The festive season is finally over, and as we all stare into an abyss of alcohol withdrawal and expanded waistlines, the art world is already gearing up for a brand-new year. The Metropolitan Museum of Art celebrated the start of 2018 by announcing an end to its “pay what you wish” policy, with a $25 mandatory entrance fee for out-of-towners coming into play on 1 March. The new policy will make each ticket valid for three days, with access to the Met Breuer and the Cloisters, but many see it as two fingers up to low-income individuals who’ve already had their pockets emptied on the mean streets of New York City.
On the other side of Central Park there’s one man who definitely won’t be sweating the entrance fee. Super-gallerist David Zwirner has announced that in 2020 he will open a new five-storey, $50 million gallery designed by Renzo Piano on West 21st Street. That brings his Manhattan tally up to four. There’s plenty to see before this huge new space arrives, so take advantage of our new year gallery hop guide around the city—frostbite not included.
It’s all about the money on the other side of the pond too. According to the Art Newspaper, art exports to non-EU countries contributed to a £2.1 billion reduction to the UK trade deficit between September and November 2017, serving as a primary source of income (if you discount oil, ships, aircraft, diamonds and other oligarch-friendly items). One less promising foreign transaction comes in the shape of the probable sale of Kurt Schwitters’ Merz Barn. The artist used the stone building—in Langdale, Cumbria—as his studio, but it could end up as far away as Shenzen, south China, as the owners have repeatedly been refused Arts Council funding. Donations from the likes of Damien Hirst, Antony Gormley and Bridget Riley have failed to make a dent in its upkeep.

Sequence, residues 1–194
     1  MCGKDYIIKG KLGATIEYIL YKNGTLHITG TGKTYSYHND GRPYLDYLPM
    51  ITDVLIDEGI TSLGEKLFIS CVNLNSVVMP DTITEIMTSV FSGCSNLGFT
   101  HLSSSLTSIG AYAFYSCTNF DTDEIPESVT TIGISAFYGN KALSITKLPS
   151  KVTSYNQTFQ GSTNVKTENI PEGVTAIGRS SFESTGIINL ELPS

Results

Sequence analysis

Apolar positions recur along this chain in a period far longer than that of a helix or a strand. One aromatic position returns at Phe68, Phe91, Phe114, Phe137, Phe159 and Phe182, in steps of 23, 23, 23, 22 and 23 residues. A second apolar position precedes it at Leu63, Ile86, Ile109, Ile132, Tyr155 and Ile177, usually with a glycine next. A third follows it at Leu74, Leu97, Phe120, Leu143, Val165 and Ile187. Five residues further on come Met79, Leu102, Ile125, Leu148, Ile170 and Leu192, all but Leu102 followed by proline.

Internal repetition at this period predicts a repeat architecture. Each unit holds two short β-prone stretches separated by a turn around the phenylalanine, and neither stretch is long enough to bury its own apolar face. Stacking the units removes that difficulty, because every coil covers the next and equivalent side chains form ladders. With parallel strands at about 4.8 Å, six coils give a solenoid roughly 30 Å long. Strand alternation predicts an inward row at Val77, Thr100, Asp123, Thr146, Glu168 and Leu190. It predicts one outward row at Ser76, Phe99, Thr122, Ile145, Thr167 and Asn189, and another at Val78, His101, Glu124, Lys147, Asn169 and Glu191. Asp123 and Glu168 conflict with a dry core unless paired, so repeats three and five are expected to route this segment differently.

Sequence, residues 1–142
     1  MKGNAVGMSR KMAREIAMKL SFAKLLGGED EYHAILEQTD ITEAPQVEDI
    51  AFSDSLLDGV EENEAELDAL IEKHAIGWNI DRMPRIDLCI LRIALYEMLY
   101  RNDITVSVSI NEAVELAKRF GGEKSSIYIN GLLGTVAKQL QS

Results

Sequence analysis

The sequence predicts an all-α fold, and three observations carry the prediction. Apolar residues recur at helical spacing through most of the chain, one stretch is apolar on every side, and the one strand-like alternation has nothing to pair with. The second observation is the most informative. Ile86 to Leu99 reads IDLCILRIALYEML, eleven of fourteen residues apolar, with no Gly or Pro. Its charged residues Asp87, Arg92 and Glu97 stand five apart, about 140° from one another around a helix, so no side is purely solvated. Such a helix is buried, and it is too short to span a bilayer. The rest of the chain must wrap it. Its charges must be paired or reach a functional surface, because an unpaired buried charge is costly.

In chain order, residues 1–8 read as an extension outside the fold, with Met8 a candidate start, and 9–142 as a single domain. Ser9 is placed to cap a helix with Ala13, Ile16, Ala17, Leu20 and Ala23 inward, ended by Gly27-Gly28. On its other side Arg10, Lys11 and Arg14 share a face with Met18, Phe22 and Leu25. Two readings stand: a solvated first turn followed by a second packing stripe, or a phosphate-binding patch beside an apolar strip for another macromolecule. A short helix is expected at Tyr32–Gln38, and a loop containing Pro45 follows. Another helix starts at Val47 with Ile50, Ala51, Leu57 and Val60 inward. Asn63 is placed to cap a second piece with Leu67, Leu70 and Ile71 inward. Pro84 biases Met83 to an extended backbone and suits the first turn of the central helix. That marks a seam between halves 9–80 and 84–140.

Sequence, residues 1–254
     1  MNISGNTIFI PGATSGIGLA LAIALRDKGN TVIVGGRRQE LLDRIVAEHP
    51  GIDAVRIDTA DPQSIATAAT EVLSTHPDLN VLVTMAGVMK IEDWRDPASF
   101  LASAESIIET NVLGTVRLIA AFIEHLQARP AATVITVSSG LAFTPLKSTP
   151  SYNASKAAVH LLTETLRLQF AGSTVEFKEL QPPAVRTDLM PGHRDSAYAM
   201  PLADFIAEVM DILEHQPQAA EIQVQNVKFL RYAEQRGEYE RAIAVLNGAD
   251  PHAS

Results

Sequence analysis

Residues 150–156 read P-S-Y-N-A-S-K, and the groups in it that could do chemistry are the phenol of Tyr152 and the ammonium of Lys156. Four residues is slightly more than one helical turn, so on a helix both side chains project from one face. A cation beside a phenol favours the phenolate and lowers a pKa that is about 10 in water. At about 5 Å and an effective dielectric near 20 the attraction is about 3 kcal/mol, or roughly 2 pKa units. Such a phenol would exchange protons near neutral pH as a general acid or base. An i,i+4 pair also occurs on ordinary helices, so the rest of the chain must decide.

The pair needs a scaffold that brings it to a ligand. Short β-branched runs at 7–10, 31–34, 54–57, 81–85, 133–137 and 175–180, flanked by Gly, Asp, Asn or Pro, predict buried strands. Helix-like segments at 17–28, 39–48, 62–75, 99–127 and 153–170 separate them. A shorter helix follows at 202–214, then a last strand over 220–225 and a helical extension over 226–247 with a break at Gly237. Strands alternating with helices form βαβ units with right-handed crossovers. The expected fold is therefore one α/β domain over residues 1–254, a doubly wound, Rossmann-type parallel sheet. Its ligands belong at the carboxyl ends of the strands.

Meanwhile, in London, the world’s first cryptocurrency art sale is set to take place at Dadiani Fine Art Gallery in Mayfair. Work by Paul Wager will be available to buy with Bitcoin, Ethereum and Bitcoin Cash. If you don’t have a clue what any of this magic currency means then don’t look at us, we’ve got no idea either.
Last but not least, the ongoing drama surrounding swathes of Modigliani forgeries continues. Twenty works seized by police in Genoa during the summer have been declared fakes, while those involved in mounting the exhibition at the Palazzo Ducale face questioning. For some, though, copying in plain sight is big business. Russian brothers Semjon, Eugen and Michael Posin have reported a massive upturn in requests for replicas of work by Leonardo da Vinci since the sale of the much-hyped, much-derided Salvador Mundi last November.